Hummingbird species have the distinction of being some of the smallest birds in the world. These minute birds are part of the Trochilidae Family. Their physical appearance is characterized by the presence of colorful feathers, which vary in color depending upon the angle at which the light hits them. These tiny creatures usually measure between seven-and-a-half to eight inches long. The hummingbird is so named because of the rapid flapping of its wings, which creates a humming sound. This distinctive bird also has a long bill which is tapered at the end in order to enable them to obtain nectar from flowers. Hummingbirds have the unique abilities of hovering in mid-air and flying backwards.
The typical diet for a hummingbird consists of flower nectar and sap from trees, as well as pollen, insects, and spiders. Because of the hummingbird’s rapid heart beat and elevated body temperature, these animals have high metabolic needs relative to their size. Every day of their lives they are require to consume a great deal of food, which must be eaten across multiple feedings a day. In order to satisfy their voracious appetites, hummingbirds must move quickly from one food source to another. Nectar provides these animals with various types of sugars, which are supplemented by protein, vitamins, and minerals from other plant matter and insects. At meal time, this species uses its long tongue to lick its food at an astonishingly fast rate, reaching approximately 13 licks per second.
Habitat and Range
Some 340 species of hummingbirds are native to the New World, across North, Central, and South America and the Caribbean. Their range runs from the southern portion of Alaska all the way down to the southernmost regions of Chile. Most hummingbirds can be found inhabiting tropical areas in the central and southern regions of the American continent. Because of the continual destruction of their natural habitats, several kinds of hummingbirds are considered to be Endangered", "Criticically Endangered", "Near Threatened", or "Vulernable" species. Changes in climate conditions have also resulted in major problems for the hummingbird, as the species in the family have been forced to venture farther out of their typical ranges in search of food. Other threats to hummingbirds include larger predatory birds, such as owls, hawks, herons, and gulls.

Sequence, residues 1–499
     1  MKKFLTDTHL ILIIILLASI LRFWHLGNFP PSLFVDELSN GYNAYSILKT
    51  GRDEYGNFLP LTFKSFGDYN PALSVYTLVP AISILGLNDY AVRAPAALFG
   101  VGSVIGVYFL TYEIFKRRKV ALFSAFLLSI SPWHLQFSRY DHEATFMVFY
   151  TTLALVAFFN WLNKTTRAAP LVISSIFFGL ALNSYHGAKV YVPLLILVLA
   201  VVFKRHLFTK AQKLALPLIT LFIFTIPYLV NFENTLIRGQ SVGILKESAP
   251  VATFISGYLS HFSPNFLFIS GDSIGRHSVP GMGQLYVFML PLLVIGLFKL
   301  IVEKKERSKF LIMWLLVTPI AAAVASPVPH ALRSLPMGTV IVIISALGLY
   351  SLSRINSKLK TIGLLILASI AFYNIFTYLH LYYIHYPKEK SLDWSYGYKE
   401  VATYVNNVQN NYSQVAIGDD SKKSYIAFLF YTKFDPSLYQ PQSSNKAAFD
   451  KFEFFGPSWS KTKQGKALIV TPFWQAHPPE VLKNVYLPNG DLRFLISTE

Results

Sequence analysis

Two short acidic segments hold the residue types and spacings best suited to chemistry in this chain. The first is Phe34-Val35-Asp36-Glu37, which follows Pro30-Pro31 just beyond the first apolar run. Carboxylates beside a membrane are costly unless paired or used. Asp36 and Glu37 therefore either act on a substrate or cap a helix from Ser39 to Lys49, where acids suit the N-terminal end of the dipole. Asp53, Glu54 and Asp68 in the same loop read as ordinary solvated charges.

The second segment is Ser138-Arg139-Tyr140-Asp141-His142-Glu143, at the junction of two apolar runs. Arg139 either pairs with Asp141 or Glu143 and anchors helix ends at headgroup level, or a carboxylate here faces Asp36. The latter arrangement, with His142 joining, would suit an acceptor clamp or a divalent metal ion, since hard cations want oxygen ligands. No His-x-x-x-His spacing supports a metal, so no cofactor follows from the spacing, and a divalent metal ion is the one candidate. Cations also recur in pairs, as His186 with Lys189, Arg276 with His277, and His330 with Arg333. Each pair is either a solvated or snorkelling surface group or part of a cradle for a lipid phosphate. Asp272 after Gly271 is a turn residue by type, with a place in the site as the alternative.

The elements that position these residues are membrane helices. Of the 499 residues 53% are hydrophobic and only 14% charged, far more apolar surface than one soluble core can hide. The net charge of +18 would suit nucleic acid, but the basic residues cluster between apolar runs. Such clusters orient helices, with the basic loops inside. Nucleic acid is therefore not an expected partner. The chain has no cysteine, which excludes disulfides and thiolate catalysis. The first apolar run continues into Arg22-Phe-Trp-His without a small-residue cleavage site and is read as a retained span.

Despite their tiny sizes, hummingbirds can be aggressive when it comes to protecting their territories. Contributing to their high metabolic rates, these birds will continually keep moving and flapping their wings rapidly. These types of birds are popular visitors to the homes of those people who put feeders in their yards to attract avian wildlife. Hummingbirds have great difficulties in walking, and usually just perch on the feeders. This behavior is due to the unique structure of the birds' feet, which makes the animal much more suited to flying rather than walking. Hummingbirds have the distinctive ability to fly in all directions, whether that be up, down, backwards, forwards, and even sideways as well.
Male hummingbirds use their brightly colored plumages in order to attract females of their own species. The mating ritual of these birds is an elaborate one, and typically consists of the male flying far up in the air before diving down over his potential mate. During this time, males will also vibrate their back feathers and emit chirping sounds. These tiny birds tend to have between one and three eggs at a time, and their gestation period runs between thirteen and twenty-two days. The female is solely responsible for tending the nest and caring for the needs of her young. Baby hummingbirds are able to begin flying when as young as between eighteen and thirty days old. Hummingbirds have a life expectancy of approximately four years.
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